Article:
With a budget surplus and roaring economic growth, Brazil has set it sights on some significant new satellite and space initiative. The South American giant has recorded some moderate success throughout its space history, but the country’s latest efforts, spread across several fronts, are intended to put Brazil on a more equal footing with the world’s space superpowers.
Brazil has owned and operated telecom satellites for the past two decades. While the country has yet to develop an indigenous communication satellite manufacturing industry, the country’s “Brazil’s ambitions are much broader and date back many years, with its plans to develop scientific satellite manufacturing, test and tracking capabilities, and an indigenous launch vehicle contained in its complete space plan announced in 1981,” says John Logsdon, director of the Space Policy Institute at George Washington University.
There have been many delays and setbacks along the way, including changes in government, severe budget problems and a 2003 launch pad accident during preparations for the launch of a VLS-1 rocket that killed 21 people, but “there have also been significant successes,” Logsdon says. “Brazil has developed and operated several of its own satellites, although it had to turn to the United States for launch services. It has been a leader in space collaboration with China, as the two countries have jointly developed the CBERS (China-Brazil Earth Resources Satellite) series and has also cooperated with Russia and Ukraine.”
Aggressive Government Plans
Early in 2006, Brazil’s government launched a public relations initiative aimed at showcasing the benefits the country’s space program provides to society and industry, and also began a new push in space led by the Brazilian National Space Agency and the National Institute for Space Research (INPE), a unit of the Brazilian Ministry of Science and Technology that is the country’s lead technical center for space. The main focus of Brazil’s space program will be Earth observation and the launching of five new satellites throughout the next nine years, says Gilberto Câmara, a scientist who became director of INPE in December 2005.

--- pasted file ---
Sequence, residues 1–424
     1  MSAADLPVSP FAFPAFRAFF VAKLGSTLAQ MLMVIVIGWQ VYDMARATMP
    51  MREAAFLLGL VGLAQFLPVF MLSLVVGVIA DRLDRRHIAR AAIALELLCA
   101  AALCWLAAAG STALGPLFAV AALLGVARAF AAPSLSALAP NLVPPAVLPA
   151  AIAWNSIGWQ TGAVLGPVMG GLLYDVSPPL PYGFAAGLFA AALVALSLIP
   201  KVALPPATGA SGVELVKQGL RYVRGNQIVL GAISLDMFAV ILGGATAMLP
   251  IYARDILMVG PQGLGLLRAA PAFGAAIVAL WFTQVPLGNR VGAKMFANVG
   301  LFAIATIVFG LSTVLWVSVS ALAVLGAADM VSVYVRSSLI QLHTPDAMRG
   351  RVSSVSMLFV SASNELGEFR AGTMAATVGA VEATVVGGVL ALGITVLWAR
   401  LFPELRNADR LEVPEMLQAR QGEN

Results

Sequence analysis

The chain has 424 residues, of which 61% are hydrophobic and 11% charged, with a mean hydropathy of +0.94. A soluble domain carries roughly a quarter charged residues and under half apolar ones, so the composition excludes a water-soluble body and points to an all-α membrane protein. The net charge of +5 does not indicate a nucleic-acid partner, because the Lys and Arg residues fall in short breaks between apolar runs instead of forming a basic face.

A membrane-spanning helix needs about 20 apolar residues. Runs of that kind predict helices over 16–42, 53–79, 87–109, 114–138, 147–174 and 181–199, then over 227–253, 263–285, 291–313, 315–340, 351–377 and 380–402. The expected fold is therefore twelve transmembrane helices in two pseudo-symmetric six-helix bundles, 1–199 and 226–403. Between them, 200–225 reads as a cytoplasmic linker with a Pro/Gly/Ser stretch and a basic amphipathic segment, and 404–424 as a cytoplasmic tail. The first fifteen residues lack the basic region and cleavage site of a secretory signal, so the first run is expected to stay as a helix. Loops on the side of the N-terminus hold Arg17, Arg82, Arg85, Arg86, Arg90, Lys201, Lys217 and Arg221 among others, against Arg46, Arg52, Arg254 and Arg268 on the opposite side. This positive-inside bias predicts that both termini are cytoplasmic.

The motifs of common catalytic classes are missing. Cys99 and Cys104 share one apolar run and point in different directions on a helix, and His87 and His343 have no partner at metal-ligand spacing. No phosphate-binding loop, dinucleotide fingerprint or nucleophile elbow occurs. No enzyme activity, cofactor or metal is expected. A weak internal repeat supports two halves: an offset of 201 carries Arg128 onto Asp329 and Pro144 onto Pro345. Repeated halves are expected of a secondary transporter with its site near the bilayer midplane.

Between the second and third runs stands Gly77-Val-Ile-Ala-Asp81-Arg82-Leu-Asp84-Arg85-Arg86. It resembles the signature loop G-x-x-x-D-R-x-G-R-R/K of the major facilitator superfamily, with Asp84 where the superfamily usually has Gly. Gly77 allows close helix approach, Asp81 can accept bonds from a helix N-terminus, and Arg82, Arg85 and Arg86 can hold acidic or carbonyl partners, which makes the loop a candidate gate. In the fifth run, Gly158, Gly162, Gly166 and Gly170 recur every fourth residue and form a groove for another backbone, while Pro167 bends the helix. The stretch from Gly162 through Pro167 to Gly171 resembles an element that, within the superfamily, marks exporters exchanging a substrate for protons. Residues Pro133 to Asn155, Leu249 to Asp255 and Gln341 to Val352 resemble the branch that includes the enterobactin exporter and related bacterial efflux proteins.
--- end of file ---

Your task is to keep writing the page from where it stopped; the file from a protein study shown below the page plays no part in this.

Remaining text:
In 2005, Brazil‘s aerospace industry had the best year in its history, with sales of $4.2 billion, but 90 percent of those revenues were derived from the export of regional and business jets produced by Embraer, Brazil’s second largest exporter. While aircraft technology has been developed indigenously, international cooperation will be required for space technology development, “mainly because Brazilian government space funding remains limited, even if growing ($97 million in 2005),” says Rachel Villain, director of space & communications at Euroconsult in Paris. Investment with China for the development of Earth observation satellites and with Russia for launch vehicle development make up about 87 percent of the civil space budget. “Cooperation with Russia will increase to include geo-satellite technology, with a government plan to develop a domestic satcom system of three small geo-satellites based on the Yamal bus of RKK Energia,” she says. Cooperation with China is likely to decrease as the second-generation of CBERS satellites will be developed with more Brazilian content — ultimately more than 80 percent — as compared to the first three of the first generation satellites. “Brazil intends to become ultimately autonomous for satellite and launch vehicle technology as Japan and India did in the 1980s and 1990s, respectively,” she says.
The re-election of President Luiz Inacio Lula da Silva in October to another four-year term could affect the country’s space plans, says Maria Velez de Berliner, president of Latin Trade Solutions. “His administration will continue to be besieged by congressional investigations and judicial prosecutions. Lula might not escape them, as the corruption scandals reached ever closer to him, although his culpability, or lack thereof, has not yet been proven. Given that margins are becoming lower and lower in the satellite and telecommunications industry, a Lula government, constrained by scandal-management, is likely to tinker with rates and licenses to assuage political pressures. This forebodes an unstable regulatory environment for telecommunications and satellites and, possibly lower profits.”